Great Jazz Asks Great Stage. The Bolshoi Theater Celebrated the 100th Anniversary of Russian Jazz

On October 1, the day of the 100th anniversary of Russian jazz, the main theater of the country performed this music for the first time. The Igor Butman Foundation, with the support of the Cultural Initiatives Foundation and the Ministry of Culture, gathered the best musicians all over Russia: the youth and veterans, symphonic jazz and electronics, the newest and what has stood the test of time.

The Oleg Lundstrem Orchestra was the first to take the stage, being only 10 years younger than Russian jazz. In 1932, the 18-year-old son of Russian emigrants bought a Duke Ellington record in a Harbin store and soon gathered his friends in the Green Crocodile jazz orchestra. Over the 80 years of its existence, the Lundstrem Orchestra has survived various cultural periods and has brought up a range of famous musicians such as Aida Vedishcheva, Valery Obodzinsky, and Igor Butman. The Lundstrem Orchestra enabled the current movie star Anya Chipovskaya to come onto the stage of the Bolshoi. Her voice and talent enabled Anya to perform Ella Fitzgerald’s hit “The Man I Love”.
Bursting into applause in the middle of an opera or ballet performance is not welcome. However, that evening, the historical hall of the theater was reverberating with endless applause: in jazz, the audience applauds to the musicians during the performance. And there was a good reason for it! How can one remain calm listening to David Goloschekin’s violin pizzicato?! The founder of the St. Petersburg Academy of Jazz, a professor at the Herzen Pedagogical University, at the age of 78, David Goloschekin can engage all instruments into his favorite genre. Besides the violin, he plays jazz on the harp, double bass, vibraphone, and the Hammond organ. To the audience’s surprise, Ural Dixieland soloist Kristina Ryzhkovskaya began singing “Bourbon Street Blues” in the loudspeaker, and next, her contralto sounded in full force.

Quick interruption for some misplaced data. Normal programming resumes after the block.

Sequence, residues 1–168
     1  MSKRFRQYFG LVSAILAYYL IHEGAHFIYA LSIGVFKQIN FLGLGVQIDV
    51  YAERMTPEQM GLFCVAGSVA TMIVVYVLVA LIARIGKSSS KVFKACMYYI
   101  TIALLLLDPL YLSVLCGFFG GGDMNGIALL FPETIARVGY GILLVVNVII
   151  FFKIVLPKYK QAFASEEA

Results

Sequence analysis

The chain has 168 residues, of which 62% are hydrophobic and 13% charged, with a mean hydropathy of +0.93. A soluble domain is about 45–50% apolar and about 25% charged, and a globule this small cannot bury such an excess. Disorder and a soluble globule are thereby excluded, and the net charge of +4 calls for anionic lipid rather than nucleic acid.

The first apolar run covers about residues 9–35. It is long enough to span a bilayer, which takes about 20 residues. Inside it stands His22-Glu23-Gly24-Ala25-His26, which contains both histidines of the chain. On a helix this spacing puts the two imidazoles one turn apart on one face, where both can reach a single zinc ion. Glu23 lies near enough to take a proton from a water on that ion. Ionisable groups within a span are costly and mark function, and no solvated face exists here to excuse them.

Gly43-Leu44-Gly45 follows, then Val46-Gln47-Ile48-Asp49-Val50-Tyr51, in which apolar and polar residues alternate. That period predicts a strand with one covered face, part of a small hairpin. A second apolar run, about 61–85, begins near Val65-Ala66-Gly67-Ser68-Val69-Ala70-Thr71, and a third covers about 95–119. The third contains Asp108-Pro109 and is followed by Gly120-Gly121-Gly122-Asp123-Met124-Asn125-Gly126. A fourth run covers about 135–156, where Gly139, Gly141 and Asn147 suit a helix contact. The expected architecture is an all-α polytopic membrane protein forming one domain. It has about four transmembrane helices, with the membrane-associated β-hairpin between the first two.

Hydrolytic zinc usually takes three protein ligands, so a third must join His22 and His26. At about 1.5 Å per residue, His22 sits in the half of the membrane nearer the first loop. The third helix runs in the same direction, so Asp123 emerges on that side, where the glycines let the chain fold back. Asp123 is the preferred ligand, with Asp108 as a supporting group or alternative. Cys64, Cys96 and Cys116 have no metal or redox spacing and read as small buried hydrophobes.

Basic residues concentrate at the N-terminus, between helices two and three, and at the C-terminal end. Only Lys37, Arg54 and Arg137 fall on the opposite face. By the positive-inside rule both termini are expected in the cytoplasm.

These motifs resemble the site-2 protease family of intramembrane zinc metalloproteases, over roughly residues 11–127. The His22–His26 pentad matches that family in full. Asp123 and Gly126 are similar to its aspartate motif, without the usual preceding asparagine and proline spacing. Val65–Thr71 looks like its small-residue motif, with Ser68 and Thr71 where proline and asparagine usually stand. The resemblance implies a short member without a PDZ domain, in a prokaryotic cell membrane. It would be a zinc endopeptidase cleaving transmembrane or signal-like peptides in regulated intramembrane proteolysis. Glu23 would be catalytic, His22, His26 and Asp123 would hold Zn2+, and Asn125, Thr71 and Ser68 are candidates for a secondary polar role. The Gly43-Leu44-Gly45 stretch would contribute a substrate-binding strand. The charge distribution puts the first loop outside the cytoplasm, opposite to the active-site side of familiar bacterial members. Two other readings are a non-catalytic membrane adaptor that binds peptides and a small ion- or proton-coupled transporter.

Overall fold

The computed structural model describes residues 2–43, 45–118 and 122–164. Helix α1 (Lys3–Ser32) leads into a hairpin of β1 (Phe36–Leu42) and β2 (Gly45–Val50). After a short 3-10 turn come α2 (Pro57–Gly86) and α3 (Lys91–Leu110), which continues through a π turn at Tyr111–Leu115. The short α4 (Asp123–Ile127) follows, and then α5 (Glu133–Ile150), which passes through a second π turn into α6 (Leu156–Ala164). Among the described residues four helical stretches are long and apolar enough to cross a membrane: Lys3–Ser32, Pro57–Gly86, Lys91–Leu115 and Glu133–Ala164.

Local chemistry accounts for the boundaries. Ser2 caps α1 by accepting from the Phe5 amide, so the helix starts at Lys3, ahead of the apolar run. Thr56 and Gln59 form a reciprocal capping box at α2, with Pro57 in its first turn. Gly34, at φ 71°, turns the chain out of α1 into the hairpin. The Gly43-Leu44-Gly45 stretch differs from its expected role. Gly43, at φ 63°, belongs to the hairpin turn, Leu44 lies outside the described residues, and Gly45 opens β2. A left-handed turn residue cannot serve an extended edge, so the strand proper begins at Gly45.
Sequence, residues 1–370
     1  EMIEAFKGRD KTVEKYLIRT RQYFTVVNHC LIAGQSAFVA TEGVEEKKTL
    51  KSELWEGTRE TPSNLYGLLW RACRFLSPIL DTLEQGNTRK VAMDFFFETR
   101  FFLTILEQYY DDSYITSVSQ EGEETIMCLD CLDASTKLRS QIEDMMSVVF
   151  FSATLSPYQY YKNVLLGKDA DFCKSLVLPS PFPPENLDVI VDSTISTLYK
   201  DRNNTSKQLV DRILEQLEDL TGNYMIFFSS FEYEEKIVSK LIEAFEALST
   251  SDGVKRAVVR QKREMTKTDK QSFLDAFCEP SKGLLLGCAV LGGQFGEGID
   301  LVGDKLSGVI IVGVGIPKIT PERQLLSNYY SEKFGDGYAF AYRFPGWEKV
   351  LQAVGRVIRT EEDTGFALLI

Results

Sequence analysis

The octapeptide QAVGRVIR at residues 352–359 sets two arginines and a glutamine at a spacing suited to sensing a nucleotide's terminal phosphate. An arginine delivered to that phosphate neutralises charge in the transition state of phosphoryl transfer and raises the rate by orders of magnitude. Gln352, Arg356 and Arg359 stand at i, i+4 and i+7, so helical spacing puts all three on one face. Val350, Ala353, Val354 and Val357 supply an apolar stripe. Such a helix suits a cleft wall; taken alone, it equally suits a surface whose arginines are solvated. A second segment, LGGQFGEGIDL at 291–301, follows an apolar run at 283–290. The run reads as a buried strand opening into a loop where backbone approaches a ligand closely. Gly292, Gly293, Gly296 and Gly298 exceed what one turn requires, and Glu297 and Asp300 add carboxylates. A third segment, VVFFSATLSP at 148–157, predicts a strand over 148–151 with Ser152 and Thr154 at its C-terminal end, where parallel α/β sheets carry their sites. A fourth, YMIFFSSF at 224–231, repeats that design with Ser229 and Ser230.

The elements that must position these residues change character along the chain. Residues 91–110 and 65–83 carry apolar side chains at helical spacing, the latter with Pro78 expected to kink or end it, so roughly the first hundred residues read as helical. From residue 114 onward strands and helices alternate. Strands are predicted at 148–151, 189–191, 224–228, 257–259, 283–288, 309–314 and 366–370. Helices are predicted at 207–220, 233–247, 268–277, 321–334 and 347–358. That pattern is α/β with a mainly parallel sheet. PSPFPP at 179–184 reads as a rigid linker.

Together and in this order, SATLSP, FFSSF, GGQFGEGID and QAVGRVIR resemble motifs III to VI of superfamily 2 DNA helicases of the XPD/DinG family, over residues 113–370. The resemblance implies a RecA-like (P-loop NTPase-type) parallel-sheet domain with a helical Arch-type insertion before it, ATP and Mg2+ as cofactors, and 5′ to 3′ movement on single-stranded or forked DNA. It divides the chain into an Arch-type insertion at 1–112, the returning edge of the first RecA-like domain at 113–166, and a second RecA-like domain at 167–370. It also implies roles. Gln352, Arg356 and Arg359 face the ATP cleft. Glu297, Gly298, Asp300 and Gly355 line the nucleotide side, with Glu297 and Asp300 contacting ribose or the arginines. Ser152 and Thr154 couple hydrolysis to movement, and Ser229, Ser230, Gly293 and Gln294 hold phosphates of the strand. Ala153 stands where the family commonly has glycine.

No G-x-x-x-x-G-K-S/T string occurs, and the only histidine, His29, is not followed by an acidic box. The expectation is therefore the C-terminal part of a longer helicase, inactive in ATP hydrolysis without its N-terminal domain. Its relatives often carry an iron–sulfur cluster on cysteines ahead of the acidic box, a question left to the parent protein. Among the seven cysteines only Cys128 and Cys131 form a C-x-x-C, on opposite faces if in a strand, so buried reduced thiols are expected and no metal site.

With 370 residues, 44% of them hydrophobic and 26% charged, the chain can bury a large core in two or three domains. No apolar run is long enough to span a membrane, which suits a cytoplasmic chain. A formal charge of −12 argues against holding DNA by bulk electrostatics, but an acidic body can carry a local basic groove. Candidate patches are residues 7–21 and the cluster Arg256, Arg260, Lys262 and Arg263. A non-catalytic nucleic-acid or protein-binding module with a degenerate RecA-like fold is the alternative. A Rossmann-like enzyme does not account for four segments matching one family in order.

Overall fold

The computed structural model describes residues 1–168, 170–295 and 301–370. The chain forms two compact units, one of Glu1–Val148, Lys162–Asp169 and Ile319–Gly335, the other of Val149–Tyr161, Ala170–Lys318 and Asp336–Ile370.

The audience greeted Aleksei Kozlov with a long standing ovation the moment he appeared on stage. The great saxophonist, who had performed for the first time at the Tartu Festival in 1960, demonstrated that he and his band Arsenal could play anything from jazz rock to breakdance. That night, Aleksei Kozlov quietly and sincerely played variations on the theme of Borodin’s Polovtsian Dances in a duet with the piano.
“Jazz is becoming more and more significant for music and people in our country,” said Igor Butman. “It is studied in schools and music colleges, a huge number of festivals are held all over Russia, and today I see young beautiful people in this hall and on other stages, who play a way better than I did when I was their age.”
At the end of the concert, the Butman Moscow Jazz Orchestra accompanied a trio consisting of blind pianist and singer Oleg Akkuratov, who sang a fast scat (a recitative with no words, but separate syllables and sounds), Igor Butman himself, and a young saxophonist of his orchestra Oleg Chekurov. They had a friendly improvisation competition, and naturally, friendship won in the end.
This concert at the Bolshoi Theater is not the only celebration of the anniversary of Russian jazz. On October 15, the Khudozhestvenny cinema in Moscow showed the documentary film “Jazz 100” for the first time, and a book with the same title is to be released in December. In addition, gala jazz concerts will be held in 18 Russian regions from Kaliningrad to Yuzhno-Sakhalinsk. Finally, a street called Dzhazovy Proezd (Jazz Drive) may soon appear in Moscow.

Andrey Vasyanin, Rossiyskaya Gazeta